Martin McKay, co-founder and CEO of Texthelp, outlines the results of a recent YouGov report examining the accessibility of online services during lockdown
The COVID-19 pandemic changed the way many of us socialised, consumed entertainment, worked, relaxed and lived. One of the most noticeable changes is the move to digital. During ‘lockdown’, almost every part of our lives became arranged, executed or facilitated by online services. But for those who were not so used to going online to shop or check their bank balance, how accessible were these websites?
A new research report from YouGov, in partnership with Texthelp, explored this issue in more detail. With a rise in the use of digital services among the over 50s in recent years, according to data from the Office for National Statistics (ONS), we surveyed 2,031 over-50s to learn about their online habits and ability to access services during lockdown. Improving online accessibility for the ‘silver surfer’ revealed that more than one in four (27%) adults over 50 years old, coined ‘silver surfers’, encountered accessibility issues. This is no insignificant number of consumers ‘locked out’ of public services. In fact, the ONS estimates that there are over 25 million people in the UK aged 50 or over.
Looking at the data more closely, of those who experienced accessibility issues, almost a third (31%) of UK respondents had trouble knowing what to do or what to click on. Nearly half of all users also found that the links in the sites were not working (46%) and 63% of users who experienced issues found the visual layout and design of sites overly complicated. Reading text on websites was also a challenge, with 20% of respondents indicating they would prefer larger text. 22% wanted the content on websites, such as words and instructions, to be easier to understand.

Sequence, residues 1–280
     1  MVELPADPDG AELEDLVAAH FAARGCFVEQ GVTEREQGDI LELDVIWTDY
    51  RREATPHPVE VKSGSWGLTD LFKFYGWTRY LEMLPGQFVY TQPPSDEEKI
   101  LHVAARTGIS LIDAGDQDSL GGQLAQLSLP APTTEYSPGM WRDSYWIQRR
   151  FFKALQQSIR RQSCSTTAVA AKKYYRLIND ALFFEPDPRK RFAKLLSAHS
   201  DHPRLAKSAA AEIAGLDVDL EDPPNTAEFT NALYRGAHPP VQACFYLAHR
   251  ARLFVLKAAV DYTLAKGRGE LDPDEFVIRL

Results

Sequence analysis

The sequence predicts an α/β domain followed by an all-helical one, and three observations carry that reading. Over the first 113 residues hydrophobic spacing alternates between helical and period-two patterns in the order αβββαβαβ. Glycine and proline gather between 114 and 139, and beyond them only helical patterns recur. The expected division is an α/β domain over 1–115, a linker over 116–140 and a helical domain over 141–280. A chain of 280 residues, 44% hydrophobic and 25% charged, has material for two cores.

Of the 2,031 over-50s surveyed, 67% went online to access public services. Interestingly, during lockdown, checking on bin collection dates was the most common reason (44%) for this demographic visiting their local authority websites. This dwarfed the second and third most used services of checking COVID restrictions (18%) and reviewing council tax (10 per cent). After lockdown ends, 40% of users still plan to use local authority sites to stay informed about government services.
During the first national lockdown, over three quarters (76%) of respondents used online websites and platforms to access healthcare. Over a third (36%) relied upon websites to order prescriptions, while 13% went online to book appointments. After lockdown ends, 30% still plan to use healthcare services online.
85% of respondents used online services for managing their personal finances during the first national lockdown. 41% of those surveyed used online banking services to view statements and almost a third (30%) of users used online banking for money transfers. 64% of users plan to use online banking even after lockdown, the biggest response from all the sectors profiled.
95% of over-50s surveyed used online retail sites during lockdown. Amongst this group, 34% regularly shopped for groceries online while only 14% shopped for clothes. The popularity of shopping online amongst the over-50s is set to continue post-lockdown, with 31% of users planning on doing grocery shopping online and 44% buying other products such as clothing and homeware.
With an ageing population and a growing number of ‘silver surfers’, accessibility issues must be addressed by organisations across the private and public sectors in order to not alienate the 25 million users in their 50s and over. Currently, many websites are built without accessibility in mind and this means certain groups are being locked out of vital services. But small changes such as including captions on videos, simplifying layouts and ensuring text always contrasts with the background can help. And bring websites in line with the Web Content Accessibility Guidelines (WCAG), referenced by the UK Public Sector Bodies Accessibility Regulations. This data should serve as a wake-up call to both public and private sector organisations alike.
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